Tuesday, August 20, 2013

Snapshot Book Review: Good Kings Bad Kings

Good Kings Bad KingsGood Kings Bad Kings by Susan Nussbaum
My rating: 5 of 5 stars

To summarize this book as best I can, it is essentially a new, modern version of Ken Kesey's One Flew Over the Cuckoo's Nest. Primary differences are: It's written from a variety of perspectives (rather than just one.
2. The institutionalized characters are adolescent "crips" (i.e. physically and sometimes mentally handicapped) rather than mentally handicapped adults.

However, just like Kesey's novel, Good Kings Bad Kings looks at an institution that, on the surface, is meant for good, and goes inside the walls, looking at it from the perspectives of not only "inmates," but also staff who work there and witness injustices yet feel powerless to prevent them.

While Nussbaum does a fantastic job of capturing the voices of lower class children and adults both with and without learning disabilities, I was especially impressed with her decision to include chapters written from the perspective Michelle, a female recruiter whose job it is to fill beds at ILLC, an institution for juveniles with disabilities. Michelle's chapters demonstrate that strictly vilifying everyone involved in running these sorts of institutions isn't quite fair . . . or accurate. She is just a middle-to-lowerclass woman trying to make it through life without always having to scrape the bottom of her piggybank to make ends meet. She doesn't necessarily set out to lock away perfect normal young people; she just wants to do her job and get praise and approval from her boss--like any of us. Michelle's chapters bring very necessary balance to this novel, making it more than just a captor-captive story.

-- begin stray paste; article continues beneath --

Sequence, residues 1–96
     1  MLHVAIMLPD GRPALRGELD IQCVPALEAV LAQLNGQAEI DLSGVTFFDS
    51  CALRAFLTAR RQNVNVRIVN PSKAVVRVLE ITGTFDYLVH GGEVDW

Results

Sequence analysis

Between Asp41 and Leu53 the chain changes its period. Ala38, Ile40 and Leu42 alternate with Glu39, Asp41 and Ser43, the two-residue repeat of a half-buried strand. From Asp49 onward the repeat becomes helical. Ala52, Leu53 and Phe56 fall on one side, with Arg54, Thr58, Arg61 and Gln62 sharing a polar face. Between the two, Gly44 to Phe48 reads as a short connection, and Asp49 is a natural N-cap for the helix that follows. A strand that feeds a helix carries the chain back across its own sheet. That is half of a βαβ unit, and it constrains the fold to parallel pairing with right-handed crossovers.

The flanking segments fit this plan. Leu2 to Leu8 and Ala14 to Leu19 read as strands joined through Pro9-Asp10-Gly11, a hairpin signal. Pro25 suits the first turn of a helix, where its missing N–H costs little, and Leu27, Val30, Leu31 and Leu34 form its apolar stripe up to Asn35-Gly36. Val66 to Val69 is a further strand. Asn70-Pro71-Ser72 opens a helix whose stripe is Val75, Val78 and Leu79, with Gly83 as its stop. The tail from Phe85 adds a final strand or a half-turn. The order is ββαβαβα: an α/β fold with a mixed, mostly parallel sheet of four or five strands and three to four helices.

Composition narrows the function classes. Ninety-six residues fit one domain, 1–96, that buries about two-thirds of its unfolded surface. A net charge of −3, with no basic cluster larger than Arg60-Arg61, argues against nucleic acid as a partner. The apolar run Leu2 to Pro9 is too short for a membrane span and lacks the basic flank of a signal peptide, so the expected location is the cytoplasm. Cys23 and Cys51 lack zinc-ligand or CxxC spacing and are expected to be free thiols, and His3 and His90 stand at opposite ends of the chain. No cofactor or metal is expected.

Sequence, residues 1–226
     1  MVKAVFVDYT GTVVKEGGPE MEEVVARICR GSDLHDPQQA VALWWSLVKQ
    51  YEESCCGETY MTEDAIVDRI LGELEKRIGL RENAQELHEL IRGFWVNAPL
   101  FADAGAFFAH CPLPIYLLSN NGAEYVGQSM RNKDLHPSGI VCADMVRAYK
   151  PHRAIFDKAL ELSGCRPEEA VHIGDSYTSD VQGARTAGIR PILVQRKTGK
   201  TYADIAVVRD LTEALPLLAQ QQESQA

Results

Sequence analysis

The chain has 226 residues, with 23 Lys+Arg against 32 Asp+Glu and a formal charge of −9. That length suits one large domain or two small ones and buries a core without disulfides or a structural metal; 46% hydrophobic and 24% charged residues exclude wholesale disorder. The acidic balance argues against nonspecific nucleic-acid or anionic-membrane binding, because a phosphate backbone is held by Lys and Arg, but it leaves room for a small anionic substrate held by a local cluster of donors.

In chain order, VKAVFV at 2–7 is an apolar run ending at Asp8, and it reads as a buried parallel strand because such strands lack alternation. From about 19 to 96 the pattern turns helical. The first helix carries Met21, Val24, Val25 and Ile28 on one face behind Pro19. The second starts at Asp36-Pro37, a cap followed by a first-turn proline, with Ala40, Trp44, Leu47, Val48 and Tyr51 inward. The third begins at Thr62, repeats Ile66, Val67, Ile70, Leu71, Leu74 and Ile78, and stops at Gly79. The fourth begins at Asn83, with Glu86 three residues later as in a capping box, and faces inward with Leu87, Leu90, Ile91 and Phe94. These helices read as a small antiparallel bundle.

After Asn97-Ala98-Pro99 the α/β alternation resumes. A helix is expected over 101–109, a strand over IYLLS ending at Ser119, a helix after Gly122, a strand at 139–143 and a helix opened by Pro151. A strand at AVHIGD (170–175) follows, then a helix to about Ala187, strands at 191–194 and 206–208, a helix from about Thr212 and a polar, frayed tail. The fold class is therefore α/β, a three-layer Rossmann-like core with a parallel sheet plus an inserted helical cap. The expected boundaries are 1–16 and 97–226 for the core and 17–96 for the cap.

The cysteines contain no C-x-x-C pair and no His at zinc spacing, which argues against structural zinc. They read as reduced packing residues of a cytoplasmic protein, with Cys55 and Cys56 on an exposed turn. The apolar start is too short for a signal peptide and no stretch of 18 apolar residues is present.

Well done, Susan Nussbaum. I look forward to reading whatever you write next.

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Friday, August 2, 2013

Snapshot Book Review: Speak

SpeakSpeak by Laurie Halse Anderson
My rating: 4 of 5 stars

Anderson does a great job capturing the internal voice of 9th grade Melinda. I especially love the way she does dialogue and makes up nicknames for the other characters. For instance, there's a teacher she refers to as Mr. Neck. If she and Mr. Neck were conversing, it would go something like:

Mr. Neck: What are you doing in here?

Me: Nothing

Mr. Neck: Doesn't look like nothing.


Leaving that blank in lieu of writing something like "I don't respond" is brilliant, especially in a book where the point is that Melinda cannot seem to speak up for herself.

I will admit, from the outset I did know what the Big Secret was, but because it was so predictable, I'm glad that Anderson didn't drag out the process of revealing it. She gets it into the first half of the book without too much fanfare, and we the readers are left to focus on what really matters: Melinda's coping mechanisms; her relationships with fellow students, former friends, and teachers; her family dynamic; etc. I also really like the fact that while there is clearly a romantic interest between Melinda and her lab partner, it doesn't ever blossom into a full subplot and, consequently, threaten to take over the focus of the novel.

The ending, too, was predictable (you know there's another confrontation coming between her and IT), but I don't think it could have ended any other way.

Now, I really just want to see the art teacher's mural. Come on fan fiction artists!

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